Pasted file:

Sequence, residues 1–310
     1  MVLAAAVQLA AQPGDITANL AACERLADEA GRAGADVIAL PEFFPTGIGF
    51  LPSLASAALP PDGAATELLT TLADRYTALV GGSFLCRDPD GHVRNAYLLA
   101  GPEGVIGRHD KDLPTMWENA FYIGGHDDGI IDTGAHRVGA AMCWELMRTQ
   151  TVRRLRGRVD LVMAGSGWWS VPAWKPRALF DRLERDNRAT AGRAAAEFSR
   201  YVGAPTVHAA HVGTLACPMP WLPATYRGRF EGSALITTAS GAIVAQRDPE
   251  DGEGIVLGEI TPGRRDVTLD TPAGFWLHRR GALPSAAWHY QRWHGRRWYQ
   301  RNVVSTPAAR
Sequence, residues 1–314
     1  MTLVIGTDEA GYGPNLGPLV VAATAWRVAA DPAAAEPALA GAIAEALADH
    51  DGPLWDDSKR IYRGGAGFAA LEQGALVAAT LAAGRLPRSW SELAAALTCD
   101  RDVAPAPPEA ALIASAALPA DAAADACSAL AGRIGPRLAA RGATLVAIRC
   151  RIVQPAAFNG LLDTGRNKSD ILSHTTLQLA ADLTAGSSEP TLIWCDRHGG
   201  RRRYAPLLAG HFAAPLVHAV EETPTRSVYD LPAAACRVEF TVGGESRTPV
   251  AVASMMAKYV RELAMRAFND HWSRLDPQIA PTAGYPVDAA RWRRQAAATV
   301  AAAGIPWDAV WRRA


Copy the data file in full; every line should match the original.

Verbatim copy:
Sequence, residues 1–310
     1  MVLAAAVQLA AQPGDITANL AACERLADEA GRAGADVIAL PEFFPTGIGF
    51  LPSLASAALP PDGAATELLT TLADRYTALV GGSFLCRDPD GHVRNAYLLA
   101  GPEGVIGRHD KDLPTMWENA FYIGGHDDGI IDTGAHRVGA AMCWELMRTQ
   151  TVRRLRGRVD LVMAGSGWWS VPAWKPRALF DRLERDNRAT AGRAAAEFSR
   201  YVGAPTVHAA HVGTLACPMP WLPATYRGRF EGSALITTAS GAIVAQRDPE
   251  DGEGIVLGEI TPGRRDVTLD TPAGFWLHRR GALPSAAWHY QRWHGRRWYQ
   301  RNVVSTPAAR
Sequence, residues 1–314
     1  MTLVIGTDEA GYGPNLGPLV VAATAWRVAA DPAAAEPALA GAIAEALADH
    51  DGPLWDDSKR IYRGGAGFAA LEQGALVAAT LAAGRLPRSW SELAAALTCD
   101  RDVAPAPPEA ALIASAALPA DAAADACSAL AGRIGPRLAA RGATLVAIRC
   151  RIVQPAAFNG LLDTGRNKSD ILSHTTLQLA ADLTAGSSEP TLIWCDRHGG
   201  RRRYAPLLAG HFAAPLVHAV EETPTRSVYD LPAAACRVEF TVGGESRTPV
   251  AVASMMAKYV RELAMRAFND HWSRLDPQIA PTAGYPVDAA RWRRQAAATV
   301  AAAGIPWDAV WRRA